This example should caution a family about being on a team they feel is important to be on because they want to play on the High School Team one day and do not want their son to be out of the club.  Being in the club can stunt development and build walls around what a player can do by pigeonholing the player and not allowing them to spread their wings and develop.  Parents are putting their child in a box and conditioning their development opportunities trusting they are doing the best thing for their child.  Truth is they are missing out on developing social skills and developing all aspects of their personal development by learning how to adapt to multiple other environments.  A player is not going to develop to their full potential being stuck in right field and batting last in the line up for years before they get to High School. The most important development years are ages 9-12.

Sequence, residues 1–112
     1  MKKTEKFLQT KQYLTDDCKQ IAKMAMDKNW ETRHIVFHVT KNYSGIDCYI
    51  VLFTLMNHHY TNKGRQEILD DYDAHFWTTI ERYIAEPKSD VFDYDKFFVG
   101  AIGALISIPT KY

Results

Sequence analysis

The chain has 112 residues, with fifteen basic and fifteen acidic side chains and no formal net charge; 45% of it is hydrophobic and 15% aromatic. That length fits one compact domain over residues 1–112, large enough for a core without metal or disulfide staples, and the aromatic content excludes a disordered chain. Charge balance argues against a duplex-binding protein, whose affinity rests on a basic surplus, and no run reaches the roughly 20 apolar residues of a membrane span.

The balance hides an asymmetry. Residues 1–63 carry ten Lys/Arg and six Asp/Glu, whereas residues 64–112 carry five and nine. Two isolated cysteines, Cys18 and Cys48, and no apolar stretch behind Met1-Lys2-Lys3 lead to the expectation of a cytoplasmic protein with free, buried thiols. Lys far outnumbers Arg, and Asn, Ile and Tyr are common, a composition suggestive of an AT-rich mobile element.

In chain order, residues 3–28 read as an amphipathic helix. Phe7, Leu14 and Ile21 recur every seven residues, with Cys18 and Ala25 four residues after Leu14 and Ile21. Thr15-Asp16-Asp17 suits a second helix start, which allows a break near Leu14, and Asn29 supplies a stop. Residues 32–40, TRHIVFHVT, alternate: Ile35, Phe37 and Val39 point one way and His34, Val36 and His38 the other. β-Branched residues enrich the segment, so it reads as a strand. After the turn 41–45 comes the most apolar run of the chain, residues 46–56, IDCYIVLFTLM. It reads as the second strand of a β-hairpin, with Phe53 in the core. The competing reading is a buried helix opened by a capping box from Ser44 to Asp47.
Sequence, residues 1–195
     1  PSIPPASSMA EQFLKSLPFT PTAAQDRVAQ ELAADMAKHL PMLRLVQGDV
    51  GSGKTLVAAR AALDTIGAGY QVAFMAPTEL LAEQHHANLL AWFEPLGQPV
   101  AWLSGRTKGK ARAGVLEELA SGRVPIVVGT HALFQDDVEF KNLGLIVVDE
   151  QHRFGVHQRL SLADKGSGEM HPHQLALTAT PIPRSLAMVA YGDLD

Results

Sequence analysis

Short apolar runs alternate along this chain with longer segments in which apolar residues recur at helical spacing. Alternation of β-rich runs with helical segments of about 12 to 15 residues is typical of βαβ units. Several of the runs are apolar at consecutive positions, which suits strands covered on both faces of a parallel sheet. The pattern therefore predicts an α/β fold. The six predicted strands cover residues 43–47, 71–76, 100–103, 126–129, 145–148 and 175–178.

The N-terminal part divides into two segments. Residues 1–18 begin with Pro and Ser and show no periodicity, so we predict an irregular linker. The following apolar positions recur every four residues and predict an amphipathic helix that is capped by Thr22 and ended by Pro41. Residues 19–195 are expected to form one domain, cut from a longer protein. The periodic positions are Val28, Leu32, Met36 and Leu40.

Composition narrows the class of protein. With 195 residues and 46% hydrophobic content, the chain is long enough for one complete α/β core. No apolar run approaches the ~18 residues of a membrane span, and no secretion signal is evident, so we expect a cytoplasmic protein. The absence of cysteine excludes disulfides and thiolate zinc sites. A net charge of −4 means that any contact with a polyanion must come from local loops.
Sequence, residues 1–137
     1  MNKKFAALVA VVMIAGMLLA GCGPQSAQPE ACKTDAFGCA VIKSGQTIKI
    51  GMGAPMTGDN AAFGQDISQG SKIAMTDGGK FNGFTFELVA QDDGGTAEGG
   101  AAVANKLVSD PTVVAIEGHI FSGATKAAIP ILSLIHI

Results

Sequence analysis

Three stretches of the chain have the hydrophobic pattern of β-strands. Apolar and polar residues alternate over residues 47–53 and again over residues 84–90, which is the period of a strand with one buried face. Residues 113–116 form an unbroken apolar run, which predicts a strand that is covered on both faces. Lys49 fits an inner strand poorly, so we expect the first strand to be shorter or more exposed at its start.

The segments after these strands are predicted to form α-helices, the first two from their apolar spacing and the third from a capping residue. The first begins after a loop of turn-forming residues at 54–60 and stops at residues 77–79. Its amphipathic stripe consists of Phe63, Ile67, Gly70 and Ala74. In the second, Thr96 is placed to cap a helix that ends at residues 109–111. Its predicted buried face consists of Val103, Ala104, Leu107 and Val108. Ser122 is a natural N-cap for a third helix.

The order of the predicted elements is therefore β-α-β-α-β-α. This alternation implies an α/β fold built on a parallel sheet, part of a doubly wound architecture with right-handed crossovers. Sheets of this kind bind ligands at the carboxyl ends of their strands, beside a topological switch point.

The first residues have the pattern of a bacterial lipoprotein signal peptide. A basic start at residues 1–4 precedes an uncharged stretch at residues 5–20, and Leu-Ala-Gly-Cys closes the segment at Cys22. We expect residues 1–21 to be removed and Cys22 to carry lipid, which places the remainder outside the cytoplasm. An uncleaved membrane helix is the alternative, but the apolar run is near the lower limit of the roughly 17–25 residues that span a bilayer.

Solutions and Choices

Federal specifications should be presented to schools that will allow for all families to receive a fair opportunity to compete and play High School Athletics.  States should adopt the federal specifications in order to create a manageable environment that is the most efficient for all parties. The specifications should include accountability for all parties. The administration, the coaching staff, the players, the parents and all supporting parties.  Everyone involved should be accountable and educated on a process that provides a fair opportunity to all.  All parties would benefit with the accountability providing the solutions to any problem that could arise.

  1.  School policy with the use of facilities should provide a schedule of costs for use of facilities for non-school programs such as travel teams.  A.  The school can participate in the develop of teams within their school district and outline the defining factors of participation or B.  The school can choose not to participate in the development of travel teams within their school district and provide a rate for use of facilities to travel teams who use their facilities.